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but some groups, including so—called islamic state, are not part of the agreement. earlier i spoke to pavel felgenhauer, who‘s a russian military analyst in moscow. he told me about the timing and details of the deal. it happened when the agreement came together. it‘s not that it was deliberately postponed for the new year. it is a complicated agreement between a great number of different kinds of groups and forces and outside states. russia, turkey, iran, working together with the syrian assad regime and opposition groups, trying to put together some kind of agreement. an agreement that would change the basic landscape of the syrian civil war. of course this agreement came after the end of the battle of aleppo and after the battle of aleppo and after the battle was ended, it was obvious all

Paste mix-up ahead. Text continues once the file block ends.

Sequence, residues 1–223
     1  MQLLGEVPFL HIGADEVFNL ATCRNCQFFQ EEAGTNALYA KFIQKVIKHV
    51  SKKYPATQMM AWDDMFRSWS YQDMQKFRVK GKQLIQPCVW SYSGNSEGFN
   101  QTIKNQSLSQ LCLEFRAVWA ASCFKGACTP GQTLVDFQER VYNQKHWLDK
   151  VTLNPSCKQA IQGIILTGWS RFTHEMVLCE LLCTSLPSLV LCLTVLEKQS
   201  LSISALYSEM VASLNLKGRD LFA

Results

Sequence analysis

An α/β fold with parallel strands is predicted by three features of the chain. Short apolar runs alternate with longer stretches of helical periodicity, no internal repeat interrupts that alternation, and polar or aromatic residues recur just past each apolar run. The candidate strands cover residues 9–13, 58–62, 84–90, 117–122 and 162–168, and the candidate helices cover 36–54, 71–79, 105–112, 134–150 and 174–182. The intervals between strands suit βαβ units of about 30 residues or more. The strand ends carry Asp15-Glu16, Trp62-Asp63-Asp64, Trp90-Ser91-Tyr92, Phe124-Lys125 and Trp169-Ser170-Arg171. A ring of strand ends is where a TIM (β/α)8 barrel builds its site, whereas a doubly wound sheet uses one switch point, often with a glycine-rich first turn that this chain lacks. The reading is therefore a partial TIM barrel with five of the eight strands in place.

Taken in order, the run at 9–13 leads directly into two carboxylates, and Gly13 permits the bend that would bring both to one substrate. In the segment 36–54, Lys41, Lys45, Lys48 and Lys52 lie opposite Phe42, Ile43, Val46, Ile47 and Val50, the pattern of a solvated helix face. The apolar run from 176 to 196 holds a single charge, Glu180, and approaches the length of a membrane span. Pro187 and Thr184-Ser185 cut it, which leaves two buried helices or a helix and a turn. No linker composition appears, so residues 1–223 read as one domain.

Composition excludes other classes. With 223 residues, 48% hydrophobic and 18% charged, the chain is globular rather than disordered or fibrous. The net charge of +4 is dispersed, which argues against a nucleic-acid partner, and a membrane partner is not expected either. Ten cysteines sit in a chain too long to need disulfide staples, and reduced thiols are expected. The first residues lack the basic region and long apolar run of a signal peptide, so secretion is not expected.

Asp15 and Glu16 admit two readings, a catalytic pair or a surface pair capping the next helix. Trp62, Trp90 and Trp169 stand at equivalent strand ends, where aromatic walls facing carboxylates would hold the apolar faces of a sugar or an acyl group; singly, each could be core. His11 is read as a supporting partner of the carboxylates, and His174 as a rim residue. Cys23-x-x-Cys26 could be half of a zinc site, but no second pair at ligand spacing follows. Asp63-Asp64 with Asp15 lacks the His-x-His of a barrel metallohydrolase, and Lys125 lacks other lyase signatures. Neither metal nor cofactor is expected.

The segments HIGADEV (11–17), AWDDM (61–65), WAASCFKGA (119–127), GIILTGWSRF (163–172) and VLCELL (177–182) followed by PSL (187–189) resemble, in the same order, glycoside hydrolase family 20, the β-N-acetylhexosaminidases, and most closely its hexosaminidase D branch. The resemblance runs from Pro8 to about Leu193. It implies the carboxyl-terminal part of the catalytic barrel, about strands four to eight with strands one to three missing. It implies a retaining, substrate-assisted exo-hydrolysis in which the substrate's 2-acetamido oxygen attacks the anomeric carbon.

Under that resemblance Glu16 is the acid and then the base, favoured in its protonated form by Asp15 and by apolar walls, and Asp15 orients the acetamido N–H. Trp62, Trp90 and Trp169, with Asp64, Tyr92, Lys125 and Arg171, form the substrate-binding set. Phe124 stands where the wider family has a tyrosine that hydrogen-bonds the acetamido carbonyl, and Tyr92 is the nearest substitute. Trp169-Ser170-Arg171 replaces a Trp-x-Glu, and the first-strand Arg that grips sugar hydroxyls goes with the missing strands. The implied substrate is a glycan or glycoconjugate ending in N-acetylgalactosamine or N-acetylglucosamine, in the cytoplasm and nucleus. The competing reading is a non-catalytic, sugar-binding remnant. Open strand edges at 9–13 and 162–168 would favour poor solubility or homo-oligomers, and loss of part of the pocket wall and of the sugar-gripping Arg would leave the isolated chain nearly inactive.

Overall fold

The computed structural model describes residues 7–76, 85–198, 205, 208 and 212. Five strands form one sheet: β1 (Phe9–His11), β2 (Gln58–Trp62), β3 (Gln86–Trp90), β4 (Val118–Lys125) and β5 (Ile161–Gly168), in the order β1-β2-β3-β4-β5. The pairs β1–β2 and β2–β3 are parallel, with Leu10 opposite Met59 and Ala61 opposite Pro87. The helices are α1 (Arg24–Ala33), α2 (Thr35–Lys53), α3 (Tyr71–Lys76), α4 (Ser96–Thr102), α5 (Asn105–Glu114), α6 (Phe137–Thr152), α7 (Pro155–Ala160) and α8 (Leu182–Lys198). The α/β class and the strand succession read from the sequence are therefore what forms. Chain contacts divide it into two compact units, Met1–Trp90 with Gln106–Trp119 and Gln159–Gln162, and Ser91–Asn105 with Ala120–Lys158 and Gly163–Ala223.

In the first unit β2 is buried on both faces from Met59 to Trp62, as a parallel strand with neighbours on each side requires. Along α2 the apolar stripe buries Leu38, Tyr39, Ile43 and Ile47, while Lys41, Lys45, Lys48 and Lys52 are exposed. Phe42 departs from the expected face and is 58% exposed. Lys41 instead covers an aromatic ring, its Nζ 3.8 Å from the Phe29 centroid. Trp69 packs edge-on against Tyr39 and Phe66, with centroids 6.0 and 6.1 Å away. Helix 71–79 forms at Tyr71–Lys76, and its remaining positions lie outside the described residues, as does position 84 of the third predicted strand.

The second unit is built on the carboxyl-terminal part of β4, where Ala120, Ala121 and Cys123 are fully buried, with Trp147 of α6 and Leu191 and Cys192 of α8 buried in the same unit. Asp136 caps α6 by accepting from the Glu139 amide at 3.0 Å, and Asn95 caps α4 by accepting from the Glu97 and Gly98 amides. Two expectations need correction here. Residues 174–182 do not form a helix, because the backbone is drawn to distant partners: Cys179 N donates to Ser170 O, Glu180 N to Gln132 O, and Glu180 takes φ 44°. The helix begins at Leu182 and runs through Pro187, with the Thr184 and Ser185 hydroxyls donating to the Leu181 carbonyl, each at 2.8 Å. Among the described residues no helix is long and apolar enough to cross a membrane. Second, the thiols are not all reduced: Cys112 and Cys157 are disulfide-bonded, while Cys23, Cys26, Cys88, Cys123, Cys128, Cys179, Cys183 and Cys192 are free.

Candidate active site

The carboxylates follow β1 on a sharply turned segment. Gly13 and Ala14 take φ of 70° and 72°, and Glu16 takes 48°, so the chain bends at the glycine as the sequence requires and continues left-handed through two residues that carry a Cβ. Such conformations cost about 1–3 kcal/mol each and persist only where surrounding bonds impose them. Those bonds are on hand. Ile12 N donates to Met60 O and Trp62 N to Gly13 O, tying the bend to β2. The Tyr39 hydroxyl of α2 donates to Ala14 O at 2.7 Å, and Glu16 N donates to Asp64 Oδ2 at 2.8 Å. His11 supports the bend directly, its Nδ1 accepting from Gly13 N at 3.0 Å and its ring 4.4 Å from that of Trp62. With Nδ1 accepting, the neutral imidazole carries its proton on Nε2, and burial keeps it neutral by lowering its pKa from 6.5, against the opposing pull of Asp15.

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sides needed an operational cause. practically speaking, it happened, eve ryo ne practically speaking, it happened, everyone needed a cause even if they weren‘t going to follow up the ceasefire they needed to rearrange their troops. it was coming, some kind of agreement. of course, moscow wa nts a kind of agreement. of course, moscow wants a more lasting and strategic outcome from this ceasefire. an agreement with parts of the syrian opposition. moscow is pressing for an early beginning of talks in the capital. and agreement between the
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assad government. how hard will that be? it never was for all factions to be? it never was for all factions to be involved. russia wants to split the syrian opposition. something that the russian military did it in chechnya a few years ago, split the opposition. the diehards and the extremists. the russian military effort in syria has a very serious handicap, we don‘t have good infa ntry handicap, we don‘t have good infantry there. the shia militias and has allahu —— and hezbollah are